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Culture(s) in International Relations

Edited By Grażyna Michałowska and Hanna Schreiber

This book presents a critical reflection on how the presence of «culture» in theory and practice of international relations is reflected in International Relations as a research field. The authors analyze culture in International Relations scholarship and evaluate culture in the practice of International Relations, as well as in International Law. The contemporary social sciences have put culture on a pedestal. The proliferation of the meanings associated with the notion of what culture is, has gone very far. The results of analyses presented in this book are meant to contribute to solving the existing confusion, to identify the research fields in IR where culture appears.

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Introduction. Culture(s) in International Relations (Grazyna Michalowska / Hanna Schreiber)


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Grażyna Michałowska, Hanna Schreiber

Introduction. Culture(s) in International Relations

No matter how much one trains one’s attention on the supposedly hard facts of social existence, who owns the means of production, who has the guns, the dossiers, or the newspapers, the supposedly soft facts of that existence, what do people imagine human life to be all about, how do they think one ought to live, what grounds belief, legitimizes punishment, sustains hope, or accounts for loss, crowd in to disturb simple pictures of might, desire, calculation, and interest. […] Bent on certitude, Olympianism, or codifiable method, or simply anxious to pursue a cause, one can ignore such facts, obscure them, or pronounce them forceless. But they do not thereby go away. Whatever the infirmities of the concept of ‘culture’ (‘cultures’, ‘cultural forms’…) there is nothing for it but to persist in spite of them. Tone deafness, willed or congenital, and however belligerent, will not do.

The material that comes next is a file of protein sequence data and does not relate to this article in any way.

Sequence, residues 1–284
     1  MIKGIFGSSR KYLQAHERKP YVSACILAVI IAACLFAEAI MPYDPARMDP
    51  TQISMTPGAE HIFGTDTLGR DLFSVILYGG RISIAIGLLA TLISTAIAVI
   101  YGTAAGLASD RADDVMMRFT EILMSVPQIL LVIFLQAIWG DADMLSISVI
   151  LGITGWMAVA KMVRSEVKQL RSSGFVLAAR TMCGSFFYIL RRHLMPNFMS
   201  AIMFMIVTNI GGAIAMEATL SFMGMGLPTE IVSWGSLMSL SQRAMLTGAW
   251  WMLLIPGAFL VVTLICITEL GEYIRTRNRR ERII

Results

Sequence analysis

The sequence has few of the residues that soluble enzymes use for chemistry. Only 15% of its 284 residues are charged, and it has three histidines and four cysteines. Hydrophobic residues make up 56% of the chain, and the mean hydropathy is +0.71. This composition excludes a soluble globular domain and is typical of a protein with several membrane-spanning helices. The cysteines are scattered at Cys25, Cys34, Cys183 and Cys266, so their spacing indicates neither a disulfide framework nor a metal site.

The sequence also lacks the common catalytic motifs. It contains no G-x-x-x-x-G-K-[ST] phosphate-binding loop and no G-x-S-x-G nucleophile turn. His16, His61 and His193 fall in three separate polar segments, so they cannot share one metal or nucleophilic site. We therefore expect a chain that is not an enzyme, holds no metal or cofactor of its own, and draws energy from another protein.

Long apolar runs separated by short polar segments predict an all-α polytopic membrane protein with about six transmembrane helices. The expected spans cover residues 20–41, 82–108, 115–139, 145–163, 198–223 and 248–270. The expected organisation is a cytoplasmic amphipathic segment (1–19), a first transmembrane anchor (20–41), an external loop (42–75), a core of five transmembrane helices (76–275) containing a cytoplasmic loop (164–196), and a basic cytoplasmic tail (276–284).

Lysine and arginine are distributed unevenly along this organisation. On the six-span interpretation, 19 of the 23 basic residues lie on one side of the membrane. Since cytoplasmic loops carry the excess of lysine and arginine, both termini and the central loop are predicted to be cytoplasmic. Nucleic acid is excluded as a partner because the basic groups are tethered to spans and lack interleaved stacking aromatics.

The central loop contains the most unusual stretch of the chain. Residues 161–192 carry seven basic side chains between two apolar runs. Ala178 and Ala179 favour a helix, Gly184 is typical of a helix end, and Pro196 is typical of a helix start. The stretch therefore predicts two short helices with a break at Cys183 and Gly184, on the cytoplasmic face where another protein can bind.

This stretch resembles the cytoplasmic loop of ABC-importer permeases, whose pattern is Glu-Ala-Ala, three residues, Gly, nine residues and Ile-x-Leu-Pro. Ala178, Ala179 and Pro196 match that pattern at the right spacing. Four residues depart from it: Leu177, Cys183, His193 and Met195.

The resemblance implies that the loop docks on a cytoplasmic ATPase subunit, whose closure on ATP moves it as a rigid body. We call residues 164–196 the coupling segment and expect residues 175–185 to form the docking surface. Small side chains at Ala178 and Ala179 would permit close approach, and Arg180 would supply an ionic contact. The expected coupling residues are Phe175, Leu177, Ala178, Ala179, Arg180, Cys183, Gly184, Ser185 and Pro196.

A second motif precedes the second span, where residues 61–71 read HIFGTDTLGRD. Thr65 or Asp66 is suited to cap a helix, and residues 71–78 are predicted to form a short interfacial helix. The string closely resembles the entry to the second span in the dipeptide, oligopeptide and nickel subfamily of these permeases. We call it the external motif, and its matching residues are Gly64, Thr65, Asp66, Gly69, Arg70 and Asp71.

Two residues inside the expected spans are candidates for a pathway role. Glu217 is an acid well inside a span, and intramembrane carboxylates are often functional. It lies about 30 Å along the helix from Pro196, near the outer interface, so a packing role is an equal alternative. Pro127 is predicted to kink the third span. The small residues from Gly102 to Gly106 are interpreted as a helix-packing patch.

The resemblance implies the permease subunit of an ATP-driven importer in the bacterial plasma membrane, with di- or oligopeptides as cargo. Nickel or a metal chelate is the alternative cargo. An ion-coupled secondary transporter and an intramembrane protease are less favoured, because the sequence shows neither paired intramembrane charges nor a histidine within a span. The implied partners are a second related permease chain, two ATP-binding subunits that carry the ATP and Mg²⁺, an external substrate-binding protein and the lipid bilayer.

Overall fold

Clifford Geertz1

The ‘tone-deafness’ of international relations researchers with respect to the impact of culture on the contemporary world may be now considered an illness of the past. For over thirty years (or even longer, depending on the history of particular discipline) we have been witnessing a ‘cultural turn’ in virtually all social sciences and disciplines of the humanities, including international relations2.

Subsequent surges of interest in the role of culture in international relations, especially from the Western point...

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